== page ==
Technology & us
I am as fascinated by the enormous technological changes we are seeing in all facets of our lives as the next person. When I think of my parent’s childhoods, or even my own, what we have achieved as a species would have sounded like science fiction back then.
And yet we have achieved it. And the changes keep coming – driverless cars, low-cost housing created by 3D printers, AI-assisted translation services. These are exciting developments that will positively impact the quality of human enterprise.
It’s important to interrogate our own emotional response to these changes. Fears of unemployment loom large, particularly when harnessed as a political tool. Concerns over privacy and loss of community are frequently referenced in the media.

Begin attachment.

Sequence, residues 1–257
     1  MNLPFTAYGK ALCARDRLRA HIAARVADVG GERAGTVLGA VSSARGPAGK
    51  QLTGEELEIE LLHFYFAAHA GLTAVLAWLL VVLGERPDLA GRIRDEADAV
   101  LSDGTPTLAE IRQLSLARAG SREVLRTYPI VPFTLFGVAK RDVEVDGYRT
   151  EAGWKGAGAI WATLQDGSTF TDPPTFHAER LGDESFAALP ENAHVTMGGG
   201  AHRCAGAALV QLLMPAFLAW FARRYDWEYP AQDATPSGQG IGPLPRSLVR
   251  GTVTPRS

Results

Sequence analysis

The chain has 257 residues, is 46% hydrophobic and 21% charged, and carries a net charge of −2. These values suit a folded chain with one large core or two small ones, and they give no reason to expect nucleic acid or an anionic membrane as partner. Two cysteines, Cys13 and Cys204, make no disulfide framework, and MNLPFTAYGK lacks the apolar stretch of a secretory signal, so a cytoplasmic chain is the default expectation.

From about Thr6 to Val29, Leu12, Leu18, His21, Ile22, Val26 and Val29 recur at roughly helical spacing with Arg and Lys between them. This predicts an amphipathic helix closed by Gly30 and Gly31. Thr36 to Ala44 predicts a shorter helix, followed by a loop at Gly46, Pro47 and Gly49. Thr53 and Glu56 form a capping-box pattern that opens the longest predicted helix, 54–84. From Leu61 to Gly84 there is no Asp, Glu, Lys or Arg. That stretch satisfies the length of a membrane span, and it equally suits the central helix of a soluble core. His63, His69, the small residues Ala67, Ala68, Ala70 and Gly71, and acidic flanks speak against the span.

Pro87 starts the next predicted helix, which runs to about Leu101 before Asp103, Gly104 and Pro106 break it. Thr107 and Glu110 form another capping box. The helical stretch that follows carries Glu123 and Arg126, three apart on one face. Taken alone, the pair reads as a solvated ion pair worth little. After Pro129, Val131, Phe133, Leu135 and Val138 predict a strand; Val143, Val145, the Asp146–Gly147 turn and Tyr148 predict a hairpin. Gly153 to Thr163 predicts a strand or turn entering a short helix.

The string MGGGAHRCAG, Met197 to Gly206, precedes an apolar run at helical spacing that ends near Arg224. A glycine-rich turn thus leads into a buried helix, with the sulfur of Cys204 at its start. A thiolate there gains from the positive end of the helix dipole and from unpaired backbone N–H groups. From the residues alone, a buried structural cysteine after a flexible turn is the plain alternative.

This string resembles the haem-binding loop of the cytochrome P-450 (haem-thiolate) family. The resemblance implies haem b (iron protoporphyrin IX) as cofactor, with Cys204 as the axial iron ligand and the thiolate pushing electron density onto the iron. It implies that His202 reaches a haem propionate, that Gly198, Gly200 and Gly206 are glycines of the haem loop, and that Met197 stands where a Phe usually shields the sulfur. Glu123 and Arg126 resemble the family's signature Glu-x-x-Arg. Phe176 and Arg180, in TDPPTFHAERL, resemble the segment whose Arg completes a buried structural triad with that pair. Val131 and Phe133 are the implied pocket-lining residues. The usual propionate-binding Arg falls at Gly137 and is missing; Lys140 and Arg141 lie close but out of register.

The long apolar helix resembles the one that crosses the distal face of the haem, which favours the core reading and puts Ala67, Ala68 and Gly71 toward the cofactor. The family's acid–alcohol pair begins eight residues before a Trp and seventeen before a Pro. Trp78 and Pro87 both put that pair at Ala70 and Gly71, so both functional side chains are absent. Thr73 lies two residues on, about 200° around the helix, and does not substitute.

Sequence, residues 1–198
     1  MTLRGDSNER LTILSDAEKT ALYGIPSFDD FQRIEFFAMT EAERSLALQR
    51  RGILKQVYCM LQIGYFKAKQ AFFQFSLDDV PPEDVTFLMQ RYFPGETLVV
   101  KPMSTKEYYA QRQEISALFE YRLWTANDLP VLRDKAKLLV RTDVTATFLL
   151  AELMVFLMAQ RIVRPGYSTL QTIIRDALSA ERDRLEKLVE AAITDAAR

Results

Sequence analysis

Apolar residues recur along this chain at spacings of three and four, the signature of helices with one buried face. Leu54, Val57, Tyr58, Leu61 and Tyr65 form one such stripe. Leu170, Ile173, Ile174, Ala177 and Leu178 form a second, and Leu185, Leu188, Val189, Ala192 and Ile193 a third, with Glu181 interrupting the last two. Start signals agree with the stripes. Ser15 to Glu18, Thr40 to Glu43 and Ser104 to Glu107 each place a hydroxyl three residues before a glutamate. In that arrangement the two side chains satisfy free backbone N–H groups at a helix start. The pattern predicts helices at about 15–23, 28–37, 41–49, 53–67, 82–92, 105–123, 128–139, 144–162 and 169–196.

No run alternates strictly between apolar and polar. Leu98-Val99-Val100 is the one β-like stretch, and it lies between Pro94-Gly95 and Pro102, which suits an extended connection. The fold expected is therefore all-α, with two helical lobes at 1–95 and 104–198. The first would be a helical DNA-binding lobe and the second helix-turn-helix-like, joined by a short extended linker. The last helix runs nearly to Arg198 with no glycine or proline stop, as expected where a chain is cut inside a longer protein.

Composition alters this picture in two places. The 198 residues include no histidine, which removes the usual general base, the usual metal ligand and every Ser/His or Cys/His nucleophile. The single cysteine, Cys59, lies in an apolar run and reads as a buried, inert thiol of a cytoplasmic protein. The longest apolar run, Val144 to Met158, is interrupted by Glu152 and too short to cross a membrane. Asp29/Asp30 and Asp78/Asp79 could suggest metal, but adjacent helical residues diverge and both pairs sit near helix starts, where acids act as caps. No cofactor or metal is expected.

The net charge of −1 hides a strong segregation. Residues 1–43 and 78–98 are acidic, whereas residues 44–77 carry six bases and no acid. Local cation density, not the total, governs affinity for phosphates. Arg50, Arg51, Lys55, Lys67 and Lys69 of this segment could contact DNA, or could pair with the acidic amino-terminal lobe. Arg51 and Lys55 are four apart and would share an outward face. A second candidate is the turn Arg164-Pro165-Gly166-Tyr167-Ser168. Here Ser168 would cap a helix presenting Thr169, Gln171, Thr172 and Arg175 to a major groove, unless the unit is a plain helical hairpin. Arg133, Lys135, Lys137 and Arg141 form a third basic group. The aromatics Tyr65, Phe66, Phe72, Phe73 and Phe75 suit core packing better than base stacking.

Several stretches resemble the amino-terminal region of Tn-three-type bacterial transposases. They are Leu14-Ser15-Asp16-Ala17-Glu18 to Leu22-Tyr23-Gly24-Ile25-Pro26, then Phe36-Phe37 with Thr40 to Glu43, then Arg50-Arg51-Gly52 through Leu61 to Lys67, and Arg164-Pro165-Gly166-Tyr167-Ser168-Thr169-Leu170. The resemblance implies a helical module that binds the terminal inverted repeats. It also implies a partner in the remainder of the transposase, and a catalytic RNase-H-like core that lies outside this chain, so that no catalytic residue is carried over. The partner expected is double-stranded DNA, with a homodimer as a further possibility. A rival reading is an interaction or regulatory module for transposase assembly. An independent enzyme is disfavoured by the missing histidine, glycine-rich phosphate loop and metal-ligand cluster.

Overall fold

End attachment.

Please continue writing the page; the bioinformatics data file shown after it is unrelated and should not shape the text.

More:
In contrast to fear-mongering, I believe technology and AI won’t manipulate human lives, rather it will service them. Nevertheless, the pace of change will inevitably surprise us, as we take up these new advances exponentially. Job functions will evolve every 3-5 years and in order to survive, businesses will constantly need to respond dynamically to the AI-influenced marketplace. Rather than perceiving this as a threat, we can prepare for this by adopting a mindset of lifelong learning. Rather than an isolated block of study in our youths, our best defense against obsolescence in the workplace is to continually educate ourselves.
While 47% of jobs were famously predicted by Oxford scholars to be replaced by technological developments in the next fifty years, the reality is that, just as the industrial revolution changed how we worked, so will the AI revolution. It won’t necessarily wipe out jobs themselves, rather it will automate certain functions within jobs. Human labour is incredibly difficult to replicate. Our understanding of nuance is why Artificial Intelligence needs to operate within the scope of human management. Instead of an AI takeover, I believe it will be a matter of synthesising our skills to operate strongly with technology as our valuable ally.